The official end of UTV continuity marks the end of regional announcers at ITV plc – only STV, an entirely separate company, still has them.
It’s been a long drawn out demise stretching back to the mid-1990s. Naturally those of us with an interest in pres will see a significance in the closing of the curtain.
But what some younger people may not appreciate is why regional announcers were once so integral to ITV. They were not merely there to provide branding or give a local flavour to a national service.
First of all each ITV company was a fiercely independent operation – as STV still is.
Schedules varied dramatically across the country – the changes weren’t simply for regional programmes and timeshifts, especially in the afternoon and late evening.
Each station had its own corporate pride, routine sheet, promotions department and marketing strategy.
Most saw on-screen announcers as an important part of their local image. Local control rooms required local announcers. Indeed it was once a union requirement that an announcer was needed whenever the station was on air.
But, frankly, as ITV consolidated and the world moved on this all became anachronistic. A federal business structure for lTV makes no sense in a multi-channel world.
Of course, many deeply regret the loss of programme-making skills in centres across the UK – the decline of the old ITV regions played a part in this but anyone who laments the loss of the old powerhouse of Central will also lament the loss of BBC network programming from Birmingham.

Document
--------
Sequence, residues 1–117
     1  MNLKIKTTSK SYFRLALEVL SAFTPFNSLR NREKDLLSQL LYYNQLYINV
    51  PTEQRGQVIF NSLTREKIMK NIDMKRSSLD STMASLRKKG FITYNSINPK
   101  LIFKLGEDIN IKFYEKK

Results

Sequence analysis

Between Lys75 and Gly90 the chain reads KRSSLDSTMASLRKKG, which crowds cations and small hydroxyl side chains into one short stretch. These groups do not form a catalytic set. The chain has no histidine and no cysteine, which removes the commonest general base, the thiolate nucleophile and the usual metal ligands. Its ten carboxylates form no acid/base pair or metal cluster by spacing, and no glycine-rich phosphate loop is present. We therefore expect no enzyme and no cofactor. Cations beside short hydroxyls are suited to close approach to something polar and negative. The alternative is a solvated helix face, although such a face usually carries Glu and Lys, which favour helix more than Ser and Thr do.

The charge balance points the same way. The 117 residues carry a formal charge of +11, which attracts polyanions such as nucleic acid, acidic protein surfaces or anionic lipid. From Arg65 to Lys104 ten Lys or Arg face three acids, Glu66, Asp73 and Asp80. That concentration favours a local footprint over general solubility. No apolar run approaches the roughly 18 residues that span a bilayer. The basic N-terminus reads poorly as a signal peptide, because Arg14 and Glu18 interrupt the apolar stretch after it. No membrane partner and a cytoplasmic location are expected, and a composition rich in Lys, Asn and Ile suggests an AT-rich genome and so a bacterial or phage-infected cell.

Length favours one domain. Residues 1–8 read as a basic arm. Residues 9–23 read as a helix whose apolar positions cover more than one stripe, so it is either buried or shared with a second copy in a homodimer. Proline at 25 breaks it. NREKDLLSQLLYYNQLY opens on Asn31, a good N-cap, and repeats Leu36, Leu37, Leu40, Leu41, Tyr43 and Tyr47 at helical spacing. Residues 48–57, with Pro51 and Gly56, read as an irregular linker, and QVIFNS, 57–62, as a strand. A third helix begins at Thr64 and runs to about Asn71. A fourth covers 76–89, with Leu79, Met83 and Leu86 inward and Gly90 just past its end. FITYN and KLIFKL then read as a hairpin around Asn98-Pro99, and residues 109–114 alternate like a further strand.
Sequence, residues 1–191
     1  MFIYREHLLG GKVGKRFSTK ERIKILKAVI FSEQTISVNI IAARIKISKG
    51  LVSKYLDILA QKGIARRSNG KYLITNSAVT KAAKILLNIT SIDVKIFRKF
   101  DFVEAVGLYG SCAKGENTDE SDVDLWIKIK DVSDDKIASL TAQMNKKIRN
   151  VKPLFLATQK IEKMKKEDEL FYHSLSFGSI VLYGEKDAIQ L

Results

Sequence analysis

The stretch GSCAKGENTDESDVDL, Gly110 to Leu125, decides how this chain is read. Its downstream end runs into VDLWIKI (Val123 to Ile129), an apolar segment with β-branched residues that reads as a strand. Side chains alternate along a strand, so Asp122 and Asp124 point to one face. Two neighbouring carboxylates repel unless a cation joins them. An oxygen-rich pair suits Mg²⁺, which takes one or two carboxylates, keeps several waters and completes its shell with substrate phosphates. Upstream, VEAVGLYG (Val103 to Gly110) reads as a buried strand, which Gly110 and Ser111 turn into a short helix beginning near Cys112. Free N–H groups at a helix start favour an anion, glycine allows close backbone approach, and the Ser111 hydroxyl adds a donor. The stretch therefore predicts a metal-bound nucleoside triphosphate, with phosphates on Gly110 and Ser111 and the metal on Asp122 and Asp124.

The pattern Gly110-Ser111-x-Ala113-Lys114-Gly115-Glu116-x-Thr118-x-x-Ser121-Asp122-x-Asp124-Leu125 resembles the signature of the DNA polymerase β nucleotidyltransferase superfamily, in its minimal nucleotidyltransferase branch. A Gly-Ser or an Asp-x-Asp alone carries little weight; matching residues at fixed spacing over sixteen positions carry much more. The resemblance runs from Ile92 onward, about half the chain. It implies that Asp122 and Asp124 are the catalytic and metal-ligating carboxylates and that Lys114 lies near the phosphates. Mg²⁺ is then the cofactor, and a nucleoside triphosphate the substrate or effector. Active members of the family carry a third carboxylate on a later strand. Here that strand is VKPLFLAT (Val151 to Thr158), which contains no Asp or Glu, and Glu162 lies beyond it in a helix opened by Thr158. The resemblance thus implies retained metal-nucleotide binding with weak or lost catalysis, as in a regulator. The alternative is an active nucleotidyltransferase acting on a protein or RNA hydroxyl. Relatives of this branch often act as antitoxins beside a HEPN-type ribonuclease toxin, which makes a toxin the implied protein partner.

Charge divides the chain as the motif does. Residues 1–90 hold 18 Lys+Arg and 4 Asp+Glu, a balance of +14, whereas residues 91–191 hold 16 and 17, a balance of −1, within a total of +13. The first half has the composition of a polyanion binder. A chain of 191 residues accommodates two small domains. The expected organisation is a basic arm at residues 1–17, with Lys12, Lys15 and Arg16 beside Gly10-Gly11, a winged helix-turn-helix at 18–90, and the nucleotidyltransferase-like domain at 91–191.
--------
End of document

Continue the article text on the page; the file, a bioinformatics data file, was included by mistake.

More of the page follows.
The volume of actual regional programming on ITV fell dramatically too.
However, remember this. ITV is no longer a monopoly where the regulator can make grand demands. It is a business and a regulator has to be realistic about what it can ask the company to do in return for the right to be on Channel 3. Ask too much and ITV could simply hand back its licences and broadcast elsewhere.
Local continuity and branding is not a legal requirement – it can only exist if their is a business case for it.
This is quite distinct from arguments about the BBC. As a publicly funded service, the BBC has to spend money in the nations and regions of the UK. Indeed many argue it does not spend nearly enough in them.
Regional presentation is part of that spend. And distinct branding in the nations helps show that major BBC services like BBC One are tailored for each nation.
BBC regional announcers are also in charge of transmission – unlike ITV regional announcers of old. Presentation departments have a lot to do besides covering up network announcements.
The arguments concerning the two broadcasters are quite different.
But, yes, an era ending is a time to reflect. And perhaps ponder on the far more significant things which led ITV to where it is today.
PICTURED: Julian Simmons. COPYRIGHT: ITV plc.